Make sure you have your scope connected to the correct locations as shown here in the schematic diagram and see if you can capture the signals again.

  • Hi Sascha,

    My comment about the alignment of the transducers has to due with the Snell's law, the thickness and composition of the pipe.  As you see in this diagram below, the two transducers form an angle of 45deg to the surface of the pipe, but the angle of propagation of the energy changes as it travels through the different material boundaries. I put the red arrows to show the original path of the wave so you can see the alignment that is required.  Check the internet for tons of information related to this.  Here is an interesting article from which the diagram below came from.

    As you read about Snell's law, note that our engineer used a 50% incident angle to reduce the amount of reflective wave energy, so you might not be detecting any signal because all the energy is being reflected off the surface of the pipe.

  • Hi Dennis,

    we decided to first focus on copper pipes. This way it is easier to get everything up and running. 

    With the copper pipe we have good results. Both with the oscilloscope and ADC Capture. Also the waveforms are looking better. 



    Now I am wondering how to calibrate the flow rate. Where can I say How big the pipe is ?

    This is the guide I followed. But I get a illegal meter constant.

    Thank you

    Sascha

  • Hi Sascha,

    As far as I know there isn't an easy way to directly input the cross sectional area of the pipe. You will have to go through the calibration procedure and get the meter constant. 

    Can you provide a screenshot when the GUI says "illegal meter constant". 

    Regards,

    Evan

  • Hi Sasha,

    What is the actual flow rate during this calibration?  Do you have a "reference" flow meter and if so, what flow rate is it showing?  Reason I ask is the screen shot of the Volume Flow Rate you provided shows 0 lph flow and has a couple of large disturbances.  Make sure when you perform this test the flow is constant (not changing rapidly).

    Refer to this other E2E posting.  Do the calculations and tell me what you calculate.  Then enter that value under the "Parameters" tab for the Meter Constant, then repeat your flow measurement for ~1 minute.  Then when measurement is complete and you have entered the actual flow rate in the dialog box, take a screen shot showing the new meter constant (or if it shows an error) as Evan suggested.

  • Hi,

    We never had a illegal meter constant again.
    I calibrated my setup with a reference and it works fine for now.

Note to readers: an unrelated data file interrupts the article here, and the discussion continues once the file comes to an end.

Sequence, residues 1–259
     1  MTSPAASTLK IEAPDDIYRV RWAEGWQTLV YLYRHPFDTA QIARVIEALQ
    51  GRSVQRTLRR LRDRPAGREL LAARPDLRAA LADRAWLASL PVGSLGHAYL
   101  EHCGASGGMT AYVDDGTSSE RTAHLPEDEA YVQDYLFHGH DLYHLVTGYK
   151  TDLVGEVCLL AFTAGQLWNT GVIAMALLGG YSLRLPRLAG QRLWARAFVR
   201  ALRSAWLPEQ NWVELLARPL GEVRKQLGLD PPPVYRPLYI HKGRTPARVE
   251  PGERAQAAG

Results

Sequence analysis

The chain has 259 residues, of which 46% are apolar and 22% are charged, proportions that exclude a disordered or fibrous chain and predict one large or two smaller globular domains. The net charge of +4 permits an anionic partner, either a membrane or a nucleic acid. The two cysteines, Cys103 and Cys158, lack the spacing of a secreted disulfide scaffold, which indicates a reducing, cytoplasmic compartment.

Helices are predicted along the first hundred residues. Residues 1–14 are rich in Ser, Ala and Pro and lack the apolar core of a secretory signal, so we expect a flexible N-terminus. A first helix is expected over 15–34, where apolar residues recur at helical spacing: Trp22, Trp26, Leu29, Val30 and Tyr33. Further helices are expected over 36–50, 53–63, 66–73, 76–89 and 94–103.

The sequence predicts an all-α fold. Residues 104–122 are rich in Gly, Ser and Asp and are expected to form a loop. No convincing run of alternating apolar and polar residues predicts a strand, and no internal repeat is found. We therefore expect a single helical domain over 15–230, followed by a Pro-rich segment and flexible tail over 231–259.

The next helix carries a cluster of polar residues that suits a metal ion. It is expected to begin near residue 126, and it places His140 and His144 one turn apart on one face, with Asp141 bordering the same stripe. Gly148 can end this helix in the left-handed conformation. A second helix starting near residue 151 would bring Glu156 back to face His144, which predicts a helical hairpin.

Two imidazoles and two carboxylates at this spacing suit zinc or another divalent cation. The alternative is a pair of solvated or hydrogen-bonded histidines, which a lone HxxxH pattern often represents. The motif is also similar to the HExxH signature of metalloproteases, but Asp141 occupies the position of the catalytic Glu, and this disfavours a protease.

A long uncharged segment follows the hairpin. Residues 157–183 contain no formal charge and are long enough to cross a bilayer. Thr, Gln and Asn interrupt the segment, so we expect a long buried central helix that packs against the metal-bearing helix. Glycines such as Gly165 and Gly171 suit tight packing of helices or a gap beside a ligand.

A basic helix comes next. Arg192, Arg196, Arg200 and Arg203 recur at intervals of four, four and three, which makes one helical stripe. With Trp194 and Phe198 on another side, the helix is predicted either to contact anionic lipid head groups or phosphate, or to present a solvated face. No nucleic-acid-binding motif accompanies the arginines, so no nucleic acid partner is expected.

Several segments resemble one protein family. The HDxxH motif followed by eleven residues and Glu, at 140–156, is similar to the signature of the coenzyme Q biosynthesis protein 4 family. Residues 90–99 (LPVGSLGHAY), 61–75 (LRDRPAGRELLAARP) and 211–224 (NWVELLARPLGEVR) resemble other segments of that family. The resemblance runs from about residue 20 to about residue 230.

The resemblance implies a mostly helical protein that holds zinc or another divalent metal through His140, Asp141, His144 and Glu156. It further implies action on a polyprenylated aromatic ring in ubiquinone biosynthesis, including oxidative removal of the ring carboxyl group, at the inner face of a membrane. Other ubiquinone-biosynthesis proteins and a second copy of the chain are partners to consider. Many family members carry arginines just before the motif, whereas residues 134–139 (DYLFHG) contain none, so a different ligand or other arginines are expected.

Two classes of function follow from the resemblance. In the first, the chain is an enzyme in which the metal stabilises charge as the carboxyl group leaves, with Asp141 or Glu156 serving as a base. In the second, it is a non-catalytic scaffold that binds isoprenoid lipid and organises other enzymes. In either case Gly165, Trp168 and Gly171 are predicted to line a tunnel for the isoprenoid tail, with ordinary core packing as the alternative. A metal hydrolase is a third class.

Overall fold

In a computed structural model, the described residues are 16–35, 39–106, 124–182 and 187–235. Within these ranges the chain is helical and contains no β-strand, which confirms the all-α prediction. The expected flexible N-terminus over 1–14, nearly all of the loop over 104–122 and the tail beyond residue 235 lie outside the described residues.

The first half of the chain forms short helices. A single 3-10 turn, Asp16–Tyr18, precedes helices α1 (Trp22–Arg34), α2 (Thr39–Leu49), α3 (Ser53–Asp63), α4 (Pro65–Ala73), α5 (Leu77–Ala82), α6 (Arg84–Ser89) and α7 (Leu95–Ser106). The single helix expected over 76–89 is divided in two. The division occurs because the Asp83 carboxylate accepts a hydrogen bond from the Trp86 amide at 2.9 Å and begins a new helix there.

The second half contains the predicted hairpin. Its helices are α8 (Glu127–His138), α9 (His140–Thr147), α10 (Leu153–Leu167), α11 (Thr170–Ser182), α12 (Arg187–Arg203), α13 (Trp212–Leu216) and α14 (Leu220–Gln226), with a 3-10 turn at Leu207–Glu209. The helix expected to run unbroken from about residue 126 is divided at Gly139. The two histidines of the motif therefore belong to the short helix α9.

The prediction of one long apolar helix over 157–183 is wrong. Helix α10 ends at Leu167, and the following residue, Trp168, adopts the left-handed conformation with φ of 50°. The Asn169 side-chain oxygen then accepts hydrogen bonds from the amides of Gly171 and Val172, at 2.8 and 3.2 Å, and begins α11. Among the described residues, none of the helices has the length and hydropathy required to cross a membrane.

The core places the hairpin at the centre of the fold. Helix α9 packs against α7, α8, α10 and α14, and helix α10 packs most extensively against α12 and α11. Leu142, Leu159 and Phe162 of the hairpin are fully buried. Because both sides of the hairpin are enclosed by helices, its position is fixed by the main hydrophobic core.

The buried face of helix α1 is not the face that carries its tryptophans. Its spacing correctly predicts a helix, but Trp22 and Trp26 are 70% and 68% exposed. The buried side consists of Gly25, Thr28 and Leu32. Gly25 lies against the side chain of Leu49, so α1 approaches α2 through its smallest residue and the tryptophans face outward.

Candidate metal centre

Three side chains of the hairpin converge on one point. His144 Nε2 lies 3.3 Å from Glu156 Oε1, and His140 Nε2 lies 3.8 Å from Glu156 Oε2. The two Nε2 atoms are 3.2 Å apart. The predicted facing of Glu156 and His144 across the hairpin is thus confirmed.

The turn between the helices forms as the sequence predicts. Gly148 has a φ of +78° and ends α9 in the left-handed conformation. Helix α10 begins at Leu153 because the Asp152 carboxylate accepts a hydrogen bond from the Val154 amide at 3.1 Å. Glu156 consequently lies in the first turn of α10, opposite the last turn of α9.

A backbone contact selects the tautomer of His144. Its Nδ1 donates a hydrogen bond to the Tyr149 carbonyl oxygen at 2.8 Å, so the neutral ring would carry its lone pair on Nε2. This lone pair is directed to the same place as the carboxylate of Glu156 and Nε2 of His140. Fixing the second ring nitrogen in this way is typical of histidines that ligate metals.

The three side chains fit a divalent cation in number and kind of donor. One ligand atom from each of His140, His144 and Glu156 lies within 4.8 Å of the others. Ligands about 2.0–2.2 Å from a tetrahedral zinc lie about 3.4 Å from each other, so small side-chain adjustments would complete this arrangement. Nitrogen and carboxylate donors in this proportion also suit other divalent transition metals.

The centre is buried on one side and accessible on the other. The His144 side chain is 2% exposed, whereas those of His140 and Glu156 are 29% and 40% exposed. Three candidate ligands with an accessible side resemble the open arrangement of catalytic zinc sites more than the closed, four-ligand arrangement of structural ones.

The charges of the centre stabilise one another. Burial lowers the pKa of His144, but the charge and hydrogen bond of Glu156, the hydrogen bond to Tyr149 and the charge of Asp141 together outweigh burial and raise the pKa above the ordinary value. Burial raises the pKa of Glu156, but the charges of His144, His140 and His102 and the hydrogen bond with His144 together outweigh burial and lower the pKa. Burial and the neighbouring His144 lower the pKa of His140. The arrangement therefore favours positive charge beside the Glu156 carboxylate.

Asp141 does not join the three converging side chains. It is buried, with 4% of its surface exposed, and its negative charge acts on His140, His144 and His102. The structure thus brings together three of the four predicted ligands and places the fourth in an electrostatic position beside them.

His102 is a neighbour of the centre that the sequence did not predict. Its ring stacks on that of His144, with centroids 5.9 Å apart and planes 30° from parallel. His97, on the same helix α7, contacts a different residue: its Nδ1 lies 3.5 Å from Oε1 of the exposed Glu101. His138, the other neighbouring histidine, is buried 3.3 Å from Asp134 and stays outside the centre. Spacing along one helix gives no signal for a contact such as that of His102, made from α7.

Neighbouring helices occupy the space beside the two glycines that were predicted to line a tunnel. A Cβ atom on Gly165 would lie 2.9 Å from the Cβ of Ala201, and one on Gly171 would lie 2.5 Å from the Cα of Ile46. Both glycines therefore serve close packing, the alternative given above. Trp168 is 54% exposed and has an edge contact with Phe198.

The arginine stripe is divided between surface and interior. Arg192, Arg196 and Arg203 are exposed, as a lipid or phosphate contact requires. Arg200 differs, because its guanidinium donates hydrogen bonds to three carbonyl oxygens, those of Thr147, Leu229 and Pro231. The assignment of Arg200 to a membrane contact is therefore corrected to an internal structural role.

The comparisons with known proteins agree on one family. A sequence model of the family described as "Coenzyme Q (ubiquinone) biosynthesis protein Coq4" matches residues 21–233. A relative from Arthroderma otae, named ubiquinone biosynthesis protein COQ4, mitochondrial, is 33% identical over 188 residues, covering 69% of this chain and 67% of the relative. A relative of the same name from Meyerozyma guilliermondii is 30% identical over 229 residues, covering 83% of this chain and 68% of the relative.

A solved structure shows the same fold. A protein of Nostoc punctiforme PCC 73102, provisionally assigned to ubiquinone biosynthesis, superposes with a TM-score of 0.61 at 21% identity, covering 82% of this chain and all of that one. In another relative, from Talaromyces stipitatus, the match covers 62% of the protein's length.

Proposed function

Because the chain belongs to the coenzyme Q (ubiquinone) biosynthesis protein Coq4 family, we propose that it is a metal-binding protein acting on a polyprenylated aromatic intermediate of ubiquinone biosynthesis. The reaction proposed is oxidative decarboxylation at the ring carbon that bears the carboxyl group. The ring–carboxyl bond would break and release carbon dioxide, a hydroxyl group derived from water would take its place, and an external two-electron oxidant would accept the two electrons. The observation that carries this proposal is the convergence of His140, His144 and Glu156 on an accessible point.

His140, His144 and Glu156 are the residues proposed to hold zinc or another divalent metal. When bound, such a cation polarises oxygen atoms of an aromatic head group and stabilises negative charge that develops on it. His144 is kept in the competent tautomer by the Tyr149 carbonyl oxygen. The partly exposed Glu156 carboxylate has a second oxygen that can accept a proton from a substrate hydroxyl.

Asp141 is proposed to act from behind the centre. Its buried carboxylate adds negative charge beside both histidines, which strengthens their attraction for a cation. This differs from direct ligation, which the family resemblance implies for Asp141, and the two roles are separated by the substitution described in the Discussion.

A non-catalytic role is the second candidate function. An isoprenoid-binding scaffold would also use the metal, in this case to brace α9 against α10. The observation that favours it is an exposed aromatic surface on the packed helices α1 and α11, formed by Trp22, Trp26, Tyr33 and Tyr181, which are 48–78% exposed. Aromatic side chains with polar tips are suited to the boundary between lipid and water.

Thank you for all the help, very good support Slight smile

    If you want you can close this thread.

    Kind regards,

    Sascha 

  • Hi Sascha - glad to hear you got everything working.

  • Hi,

    I still have the problem and now I have to resolve it.

    Do you think TIDA-01486 can help me?

    Kind regards,

    Sascha

  • Hi Sascha,

    Ok, so back to the original issue where the received signal is offset, can you try again to take a picture of your oscilloscope showing the received signal as shown below?  I wasn't certain I see the correct receive signal in your previous scope capture.  There must be a delay between the transmit and receive signals.  If you are having trouble seeing or locating the receive signal relative to the transmit pulses, you can calculate approximately where (in time) the receive signal should appear based on the distance between your transducers and temperature of the water.  You can see the delay between the transmit pulses and received signal in my capture below.  My sensors are 16cm apart so there is ~106usec TOF between sensors as shown.

    Once you have a good capture of the receive signal, what is important is the DC bias voltage level the received pulse (violet in my picture) is at.  In my capture it is +800mV from ground, as expected.  See my earlier post -  I show where on the PCB to take these measurements.  You should see both the transmit and receive signals.  If you are having trouble seeing or locating the receive signal relative to the transmit pulses, you can calculate approximately where (in time) the receive signal should appear based on the distance between your transducers and temperature of the water.

  • Hi Dennis,

    We know where the signal should be (We tested it with PVC pipea and calculated it).
    As you can see we have the right offset (+800mV from ground)

    But if we work with metal pipes we dont have the receive signal.


    I think we need to amplify the signal somehow. Because with PVC pipes it is no problem. But for metal (copper, aluminum, steel) it is to week. Did you ever had this problem before.
    Can TI provide us an amplification board or do we have to build one ?
    I hope you can help us.
    Kind regards,
    Sascha 
  • Hi Sascha,

    I would recommend looking at https://www.ti.com/tool/TIDA-01486

    This reference design incorporates amplifiers on the TX and RX sides. Unfortunately this design is only available for reference, not for distribution. Let me know if you have any further questions!

    Regards,

    Evan

  • Hi Sascha,


    It's been a while since we have heard from you, so I'm going to assume you were able to move forward with your project.
    I will mark this posting as RESOLVED, but if this isn’t the case, please click the "This did NOT resolve my issue" button and reply to this thread with more information.
    If this thread is locked, please click the "Ask a related question" button, and in the new thread describe the current status of your issue and any additional details you may have to assist us in helping to solve your issues.